The paper sets out the opportunities and challenges that AI is bringing to the company secretarial and governance roles. The advent of Blockchain and other technology will allow new, more secure and flexible ways to hold data and Cygnetise’s signatory management system is an early example of this. In the same way, AI will transform the boardroom, allowing instantaneous translation, virtual reality presentations and minute taking ‘audio to text’ devices, using machine learning. Virtual attendance at boardrooms by way of holograms is being developed and I believe that Accenture and some other organisations are already deploying this technology. We may see robots in the boardroom analysing and interpreting data in real time to enable the board to reach the best decisions; Salesforce Inc in the US and Deep Knowledge Ventures in Hong Kong are already using robots in the boardroom for this purpose.

But the challenges are just as real as the benefits. The governance of AI is a big issue and the company secretary will have a great role to play in this. Who programs the machines, who uses the results, who ensures proper oversight? These are all vital questions and the company secretary will have an important role in helping the board put in place the right tools and procedures to ensure the beneficial use of AI within any organisation. I believe that all company secretaries should gain a good knowledge of the new AI technologies and their implications, to ensure they can advise their boards and their colleagues on the right steps to take.

With increased automation of administrative tasks, do you think that this enables the role of a company secretary to become more effective?

To my mind, the new technologies will undoubtedly increase the effectiveness of the company secretary. It is accepted that AI can analyse, interpret and assess data better than any human being so why not use it to allow the better processing of shareholder records, the process of due diligence in transactions, the retention of corporate records, and entity management. The potential uses of machine learning are myriad. We have already seen this year the first use of Blockchain to facilitate institutional voting at Santander’s AGM and the Australian Stock Exchange plans to use Blockchain for trading on its markets in 2020.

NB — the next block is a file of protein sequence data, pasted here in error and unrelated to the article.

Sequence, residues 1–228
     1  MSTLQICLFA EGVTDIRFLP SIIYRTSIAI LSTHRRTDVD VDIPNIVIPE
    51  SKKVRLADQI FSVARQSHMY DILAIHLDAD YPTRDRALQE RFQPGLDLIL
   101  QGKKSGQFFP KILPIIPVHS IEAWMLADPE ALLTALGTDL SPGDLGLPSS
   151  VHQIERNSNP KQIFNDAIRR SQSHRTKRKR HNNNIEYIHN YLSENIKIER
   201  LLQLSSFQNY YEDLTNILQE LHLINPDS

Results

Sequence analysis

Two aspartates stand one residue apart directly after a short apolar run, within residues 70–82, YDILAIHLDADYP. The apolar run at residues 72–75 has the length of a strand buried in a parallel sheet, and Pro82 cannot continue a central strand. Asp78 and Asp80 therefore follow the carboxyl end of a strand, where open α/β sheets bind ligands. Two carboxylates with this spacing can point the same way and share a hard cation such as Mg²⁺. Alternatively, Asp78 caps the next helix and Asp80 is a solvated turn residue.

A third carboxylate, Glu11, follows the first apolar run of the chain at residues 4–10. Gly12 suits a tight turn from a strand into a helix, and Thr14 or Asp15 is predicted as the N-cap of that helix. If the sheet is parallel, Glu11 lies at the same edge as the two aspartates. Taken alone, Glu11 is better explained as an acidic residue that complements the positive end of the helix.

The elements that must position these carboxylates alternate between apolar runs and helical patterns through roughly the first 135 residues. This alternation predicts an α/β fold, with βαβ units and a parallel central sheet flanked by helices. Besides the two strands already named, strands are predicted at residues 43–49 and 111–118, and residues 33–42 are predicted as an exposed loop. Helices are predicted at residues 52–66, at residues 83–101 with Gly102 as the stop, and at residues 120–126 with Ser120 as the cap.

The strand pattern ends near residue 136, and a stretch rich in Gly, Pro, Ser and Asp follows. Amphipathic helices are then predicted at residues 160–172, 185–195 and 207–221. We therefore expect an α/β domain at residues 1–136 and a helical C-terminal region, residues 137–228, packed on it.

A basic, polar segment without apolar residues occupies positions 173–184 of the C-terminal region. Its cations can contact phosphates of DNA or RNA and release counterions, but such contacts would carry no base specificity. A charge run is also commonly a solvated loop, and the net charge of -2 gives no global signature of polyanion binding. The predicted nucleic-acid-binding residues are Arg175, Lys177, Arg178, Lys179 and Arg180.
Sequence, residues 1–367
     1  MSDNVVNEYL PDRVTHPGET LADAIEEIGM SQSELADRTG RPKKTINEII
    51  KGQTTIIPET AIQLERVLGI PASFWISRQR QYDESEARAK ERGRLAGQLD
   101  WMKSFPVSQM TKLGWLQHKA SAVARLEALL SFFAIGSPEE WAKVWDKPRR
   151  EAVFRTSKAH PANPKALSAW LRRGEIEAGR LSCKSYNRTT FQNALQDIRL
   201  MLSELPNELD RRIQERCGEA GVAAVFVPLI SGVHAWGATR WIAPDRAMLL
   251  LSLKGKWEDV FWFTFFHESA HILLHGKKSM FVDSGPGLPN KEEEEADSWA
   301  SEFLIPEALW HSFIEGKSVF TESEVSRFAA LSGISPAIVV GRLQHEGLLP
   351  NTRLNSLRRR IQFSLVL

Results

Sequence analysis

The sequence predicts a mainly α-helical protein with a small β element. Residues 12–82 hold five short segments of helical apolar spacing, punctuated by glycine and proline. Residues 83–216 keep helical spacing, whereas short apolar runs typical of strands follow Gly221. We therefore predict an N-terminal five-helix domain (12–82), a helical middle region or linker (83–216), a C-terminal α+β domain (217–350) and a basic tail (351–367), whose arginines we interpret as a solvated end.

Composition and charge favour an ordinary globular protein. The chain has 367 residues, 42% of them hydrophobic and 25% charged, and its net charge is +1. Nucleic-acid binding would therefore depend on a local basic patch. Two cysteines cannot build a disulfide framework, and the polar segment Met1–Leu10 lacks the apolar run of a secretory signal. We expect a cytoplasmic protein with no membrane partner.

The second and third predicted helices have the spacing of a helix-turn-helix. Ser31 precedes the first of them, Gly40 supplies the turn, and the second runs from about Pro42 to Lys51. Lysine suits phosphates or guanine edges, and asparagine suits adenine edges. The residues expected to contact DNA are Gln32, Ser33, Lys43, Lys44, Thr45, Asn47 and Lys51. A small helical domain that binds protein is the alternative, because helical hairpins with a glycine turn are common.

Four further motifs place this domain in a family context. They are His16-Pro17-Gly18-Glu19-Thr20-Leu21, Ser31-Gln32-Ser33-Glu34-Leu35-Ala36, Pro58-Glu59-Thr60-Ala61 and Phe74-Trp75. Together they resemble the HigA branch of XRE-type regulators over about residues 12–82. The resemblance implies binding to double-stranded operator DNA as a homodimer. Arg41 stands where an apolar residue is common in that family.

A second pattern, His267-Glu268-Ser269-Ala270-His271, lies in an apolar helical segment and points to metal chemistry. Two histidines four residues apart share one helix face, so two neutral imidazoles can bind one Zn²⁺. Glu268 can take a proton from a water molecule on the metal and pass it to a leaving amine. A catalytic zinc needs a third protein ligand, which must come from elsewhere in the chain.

To those who give dire warnings about AI threatening human dominance, I say yes be wary, but like other technologies such as nuclear power, they cannot be ‘dis-invented’. AI will be increasingly deployed so the task of all those involved in governance be they Governments, regulators or company secretaries is to ensure that AI is used ethically, effectively and to the benefit of society as a whole. This is a big and vital task.

Last question. How did you become interested in blockchain and other emerging technologies?

I am now retired from full time work so I have the time for ‘blue sky’ thinking and research. I have been interested for some time about new technologies but it was a speech I heard early this year about Blockchain that alerted me to the need to know more and to help fellow professionals to understand the benefits and challenges that AI will bring to their organisations. The more I researched Blockchain and its potential uses, the more I realised that it has the potentiality to transform the processing of data. It could also herald a new form of business structure known as a Decentralised Autonomous Organisation or DAO for short. The ability of Blockchain to allow the decentralised holding of data and the processing of transactions in a secure and transparent way, without the need for intermediaries, could be transformative. For those who want to know more, there is plenty on the internet and of course you can read my Futureproofing paper!     

You can follow David on Twitter and Linkedin.